Wednesday, September 27, 2023 Sep 27, 2023
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By D Magazine |

Kids-whether they’re 8 or 80-will never change. Nor will their ideas of fun. As we become more computerized, more hi-tech, we’ll just adapt our old ideas of fun to modern standards. Such is the case with Photon, a life-sized video game in which people are the subjects in a match of good vs. evil.

Photon, an amusement center opening March 9 in a large warehouse-type building on Northwest Highway, is the brainchild of George A. Carter, a local inventor of leisure products. Carter, who also opened the Dallas Chaparral race track, owns the patents on a motorized surfboard and an off-road vehicle called “the Snoopy.” Carter says that when he saw Star Wars, he was intrigued by the fight scenes with laser guns and decided to create a world in which laser combat comes alive.

In the middle of Photon (which cost $500,000 to build) is a large room (about 10,000 square feet) with eerie music, fog machines and bizarre lighting effects. Viewing balconies surround the room, and score-boards hang in various locations. To play the game, up to 20 people don helmets and chest plates with small computer control modules, and each player has a laserlike “gun.” Once the players’ gear is on and they are in position, two teams compete in a futuristic version of cops and robbers.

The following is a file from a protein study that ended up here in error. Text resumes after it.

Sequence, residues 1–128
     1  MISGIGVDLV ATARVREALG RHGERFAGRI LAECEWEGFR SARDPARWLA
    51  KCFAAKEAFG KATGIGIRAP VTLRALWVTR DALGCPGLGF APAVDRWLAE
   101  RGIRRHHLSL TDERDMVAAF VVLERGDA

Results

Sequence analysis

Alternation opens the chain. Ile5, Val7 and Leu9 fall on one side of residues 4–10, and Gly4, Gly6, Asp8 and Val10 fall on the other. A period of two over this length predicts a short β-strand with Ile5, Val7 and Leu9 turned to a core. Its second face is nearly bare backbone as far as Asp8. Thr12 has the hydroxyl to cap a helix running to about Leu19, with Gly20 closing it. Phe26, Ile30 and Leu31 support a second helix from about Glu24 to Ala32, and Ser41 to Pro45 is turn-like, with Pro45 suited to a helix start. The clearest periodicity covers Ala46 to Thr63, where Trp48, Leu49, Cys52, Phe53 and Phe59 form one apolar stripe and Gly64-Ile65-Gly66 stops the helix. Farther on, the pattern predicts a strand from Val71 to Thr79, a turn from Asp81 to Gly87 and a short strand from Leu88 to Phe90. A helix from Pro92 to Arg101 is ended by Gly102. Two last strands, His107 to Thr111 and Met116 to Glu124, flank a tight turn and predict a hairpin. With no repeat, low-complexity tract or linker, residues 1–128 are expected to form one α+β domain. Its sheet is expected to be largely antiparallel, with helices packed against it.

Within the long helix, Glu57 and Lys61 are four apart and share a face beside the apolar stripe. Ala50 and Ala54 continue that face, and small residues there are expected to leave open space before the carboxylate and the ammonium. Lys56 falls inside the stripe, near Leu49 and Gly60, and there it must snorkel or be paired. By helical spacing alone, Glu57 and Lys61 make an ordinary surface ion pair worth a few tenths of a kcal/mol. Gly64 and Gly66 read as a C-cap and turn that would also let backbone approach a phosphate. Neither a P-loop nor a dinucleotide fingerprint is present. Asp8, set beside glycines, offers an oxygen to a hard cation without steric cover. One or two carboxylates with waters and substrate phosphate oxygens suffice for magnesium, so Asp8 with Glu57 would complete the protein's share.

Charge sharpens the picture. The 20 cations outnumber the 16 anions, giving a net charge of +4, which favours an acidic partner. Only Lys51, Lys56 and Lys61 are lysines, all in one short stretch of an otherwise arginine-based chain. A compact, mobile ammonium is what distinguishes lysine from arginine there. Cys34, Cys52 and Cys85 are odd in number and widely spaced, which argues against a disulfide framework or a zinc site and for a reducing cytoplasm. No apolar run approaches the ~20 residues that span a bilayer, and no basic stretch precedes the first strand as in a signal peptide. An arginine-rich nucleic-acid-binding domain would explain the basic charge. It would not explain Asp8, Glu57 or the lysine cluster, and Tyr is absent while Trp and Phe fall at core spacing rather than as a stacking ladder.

The game is monitored by a computer system that keeps track of who is shot by an infrared sensor (emitted from the gun) and who does the shooting. A player receives two points for hitting (or “stunning,” as Carter calls it) another player; he loses one point when he is hit. Each individual competes for the highest score, and each team tries to hit a target on the other team’s territory. When a player is hit, a small exploding sound goes off inside his helmet, and his gun is disarmed for 10 seconds. Each player’s points are continually updated on the various scoreboards, and each game lasts at least six minutes-longer if some players exceed set scores. The team with the highest score wins.

Before playing, you must buy a Photon identification card, which will supply the Photon computer with your name and Photon identification number. The computer will then be able to keep records of your scores whenever you visit Photon. Each game will cost $3, Carter says.

If Photon catches on as quickly as Carter believes it will, franchises should pop up across the nation. Carter already has plans to open more locations in Dallas, with a Houston Photon appearing in upcoming months.